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J Abnorm Child Psychol. 2012 Aug;40(6):971-86. doi: 10.1007/s10802-012-9614-y.

Assessment of psychopathic traits in an incarcerated adolescent sample: a methodological comparison.

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The Mind Research Network, Albuquerque, NM, USA.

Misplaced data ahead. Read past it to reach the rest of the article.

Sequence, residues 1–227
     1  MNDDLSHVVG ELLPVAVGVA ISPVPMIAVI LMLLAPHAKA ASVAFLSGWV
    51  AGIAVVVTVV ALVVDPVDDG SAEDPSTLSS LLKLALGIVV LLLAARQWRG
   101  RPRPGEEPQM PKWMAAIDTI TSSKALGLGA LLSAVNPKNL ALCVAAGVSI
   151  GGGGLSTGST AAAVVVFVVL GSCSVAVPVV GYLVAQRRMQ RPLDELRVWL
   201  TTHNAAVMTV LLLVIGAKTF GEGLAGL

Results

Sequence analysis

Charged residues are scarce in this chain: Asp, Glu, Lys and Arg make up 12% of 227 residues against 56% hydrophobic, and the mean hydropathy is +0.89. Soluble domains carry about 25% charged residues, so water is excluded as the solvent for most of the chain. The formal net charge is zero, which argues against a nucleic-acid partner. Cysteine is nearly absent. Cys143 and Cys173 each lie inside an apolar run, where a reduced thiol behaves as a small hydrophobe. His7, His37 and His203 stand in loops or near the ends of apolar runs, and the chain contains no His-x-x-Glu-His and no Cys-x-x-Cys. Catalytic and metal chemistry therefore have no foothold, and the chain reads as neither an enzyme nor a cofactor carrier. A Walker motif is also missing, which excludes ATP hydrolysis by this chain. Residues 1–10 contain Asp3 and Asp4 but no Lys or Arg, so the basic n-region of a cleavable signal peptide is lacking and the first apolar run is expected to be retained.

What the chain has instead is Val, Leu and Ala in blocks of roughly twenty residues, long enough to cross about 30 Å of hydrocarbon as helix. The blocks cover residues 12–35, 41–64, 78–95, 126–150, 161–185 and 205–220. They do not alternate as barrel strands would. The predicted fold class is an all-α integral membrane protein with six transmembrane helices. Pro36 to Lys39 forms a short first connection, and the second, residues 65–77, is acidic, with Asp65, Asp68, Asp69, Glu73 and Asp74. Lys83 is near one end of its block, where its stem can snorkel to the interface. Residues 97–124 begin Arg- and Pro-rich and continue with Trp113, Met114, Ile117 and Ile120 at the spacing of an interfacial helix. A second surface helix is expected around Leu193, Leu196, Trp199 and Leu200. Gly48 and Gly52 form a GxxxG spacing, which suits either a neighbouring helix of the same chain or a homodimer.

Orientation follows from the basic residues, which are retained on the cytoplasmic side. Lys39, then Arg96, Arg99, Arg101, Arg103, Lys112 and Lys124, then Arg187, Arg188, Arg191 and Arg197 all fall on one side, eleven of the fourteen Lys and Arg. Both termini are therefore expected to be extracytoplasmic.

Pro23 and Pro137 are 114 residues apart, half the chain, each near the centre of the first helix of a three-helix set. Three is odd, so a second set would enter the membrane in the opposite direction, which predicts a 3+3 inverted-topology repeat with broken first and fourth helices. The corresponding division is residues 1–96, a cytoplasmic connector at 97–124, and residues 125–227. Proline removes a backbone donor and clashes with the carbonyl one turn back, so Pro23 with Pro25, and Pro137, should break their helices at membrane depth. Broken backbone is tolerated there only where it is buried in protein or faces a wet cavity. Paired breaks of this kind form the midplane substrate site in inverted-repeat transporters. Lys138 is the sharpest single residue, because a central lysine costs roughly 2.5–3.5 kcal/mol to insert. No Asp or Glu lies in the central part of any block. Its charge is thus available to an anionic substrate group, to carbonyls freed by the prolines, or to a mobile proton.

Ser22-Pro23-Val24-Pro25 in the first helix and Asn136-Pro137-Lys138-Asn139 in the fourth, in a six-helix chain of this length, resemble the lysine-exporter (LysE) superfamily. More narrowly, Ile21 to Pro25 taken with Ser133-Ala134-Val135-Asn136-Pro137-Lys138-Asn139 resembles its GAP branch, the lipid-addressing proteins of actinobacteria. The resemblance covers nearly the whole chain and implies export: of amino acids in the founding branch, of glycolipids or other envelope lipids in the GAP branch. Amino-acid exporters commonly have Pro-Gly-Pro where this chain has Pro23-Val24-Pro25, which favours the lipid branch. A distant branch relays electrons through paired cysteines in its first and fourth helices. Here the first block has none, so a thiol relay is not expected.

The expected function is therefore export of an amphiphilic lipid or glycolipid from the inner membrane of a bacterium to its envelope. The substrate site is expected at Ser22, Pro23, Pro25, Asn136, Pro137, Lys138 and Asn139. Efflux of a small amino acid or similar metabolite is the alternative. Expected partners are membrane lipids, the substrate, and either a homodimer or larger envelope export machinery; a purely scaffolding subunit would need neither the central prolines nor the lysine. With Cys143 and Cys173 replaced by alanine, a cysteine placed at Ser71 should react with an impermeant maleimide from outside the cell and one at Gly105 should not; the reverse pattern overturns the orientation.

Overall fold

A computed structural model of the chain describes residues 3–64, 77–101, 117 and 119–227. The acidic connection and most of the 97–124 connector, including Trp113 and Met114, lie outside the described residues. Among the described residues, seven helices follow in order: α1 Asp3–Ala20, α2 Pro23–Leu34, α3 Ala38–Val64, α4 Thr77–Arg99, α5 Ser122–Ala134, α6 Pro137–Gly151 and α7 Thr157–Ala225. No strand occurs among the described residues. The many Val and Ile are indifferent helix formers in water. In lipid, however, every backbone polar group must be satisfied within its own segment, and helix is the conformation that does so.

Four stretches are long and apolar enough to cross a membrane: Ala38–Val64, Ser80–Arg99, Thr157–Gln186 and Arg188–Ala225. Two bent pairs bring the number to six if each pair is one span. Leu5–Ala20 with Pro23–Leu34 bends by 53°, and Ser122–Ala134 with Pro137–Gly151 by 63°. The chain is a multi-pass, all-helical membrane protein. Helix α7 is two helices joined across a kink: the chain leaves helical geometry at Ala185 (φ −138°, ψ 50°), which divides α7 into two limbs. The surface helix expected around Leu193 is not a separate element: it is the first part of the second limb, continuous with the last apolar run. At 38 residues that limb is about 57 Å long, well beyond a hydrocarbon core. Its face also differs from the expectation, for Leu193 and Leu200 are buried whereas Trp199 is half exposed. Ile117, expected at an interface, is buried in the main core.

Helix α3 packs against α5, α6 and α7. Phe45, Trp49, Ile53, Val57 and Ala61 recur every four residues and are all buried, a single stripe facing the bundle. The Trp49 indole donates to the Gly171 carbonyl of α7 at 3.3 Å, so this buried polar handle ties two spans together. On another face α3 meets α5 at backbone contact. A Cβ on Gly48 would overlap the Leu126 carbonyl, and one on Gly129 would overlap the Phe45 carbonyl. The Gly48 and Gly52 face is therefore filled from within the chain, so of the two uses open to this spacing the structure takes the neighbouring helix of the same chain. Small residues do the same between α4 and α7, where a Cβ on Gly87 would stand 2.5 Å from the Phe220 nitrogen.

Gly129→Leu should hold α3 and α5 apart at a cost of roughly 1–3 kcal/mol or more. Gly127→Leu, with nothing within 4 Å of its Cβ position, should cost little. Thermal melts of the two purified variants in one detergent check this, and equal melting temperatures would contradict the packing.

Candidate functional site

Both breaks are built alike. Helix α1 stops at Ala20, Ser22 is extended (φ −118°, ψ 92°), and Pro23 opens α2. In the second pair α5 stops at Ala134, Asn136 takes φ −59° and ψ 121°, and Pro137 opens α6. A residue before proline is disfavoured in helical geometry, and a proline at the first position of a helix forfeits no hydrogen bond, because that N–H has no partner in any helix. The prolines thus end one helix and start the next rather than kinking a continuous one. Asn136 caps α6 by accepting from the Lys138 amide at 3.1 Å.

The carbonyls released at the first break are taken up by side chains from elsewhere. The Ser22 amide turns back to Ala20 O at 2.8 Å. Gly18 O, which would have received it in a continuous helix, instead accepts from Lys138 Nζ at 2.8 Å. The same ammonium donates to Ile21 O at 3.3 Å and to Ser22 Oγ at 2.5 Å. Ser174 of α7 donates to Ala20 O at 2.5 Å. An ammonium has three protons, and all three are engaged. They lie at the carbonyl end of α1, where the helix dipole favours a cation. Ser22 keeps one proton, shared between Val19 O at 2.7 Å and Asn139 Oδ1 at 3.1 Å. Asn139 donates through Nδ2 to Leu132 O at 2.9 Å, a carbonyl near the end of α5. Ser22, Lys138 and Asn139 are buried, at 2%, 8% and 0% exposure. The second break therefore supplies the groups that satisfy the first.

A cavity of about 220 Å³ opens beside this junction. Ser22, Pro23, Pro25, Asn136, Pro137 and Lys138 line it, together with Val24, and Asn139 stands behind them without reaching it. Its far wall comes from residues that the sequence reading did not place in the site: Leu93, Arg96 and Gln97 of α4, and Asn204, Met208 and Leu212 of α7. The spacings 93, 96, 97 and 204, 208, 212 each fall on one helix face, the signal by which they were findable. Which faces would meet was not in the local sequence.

Analyses of convergent validity and group assignment using self-report, caregiver-report and interview-based measures of adolescent psychopathy were conducted in a sample of 160 incarcerated adolescents. Results reveal significant convergent validity between caregiver-report measures of adolescent psychopathy, significant convergent validity between self-report measures of adolescent psychopathy and an interviewer rating scale, but not between the caregiver-report measures and their corresponding self-report measures nor between the caregiver-report measures and the interviewer rating scale. Analyses of group assignment were also poorer than expected among all the measures with none evidencing significant agreement with the expert-rated device (Hare Psychopathy Checklist-Youth Version; PCL-YV), the most common forensic instrument used in clinical practice. Part of the poor agreement may be related to the poor psychometric performance of the callous-unemotional subscale of most of these measures and the low response rates from caregivers (Nā€‰=ā€‰35). These findings suggest that the measures do not provide an interchangeable assessment of callous-unemotional traits and suggest that further refinement of the measurement of callous-unemotional traits in youth may be warranted.

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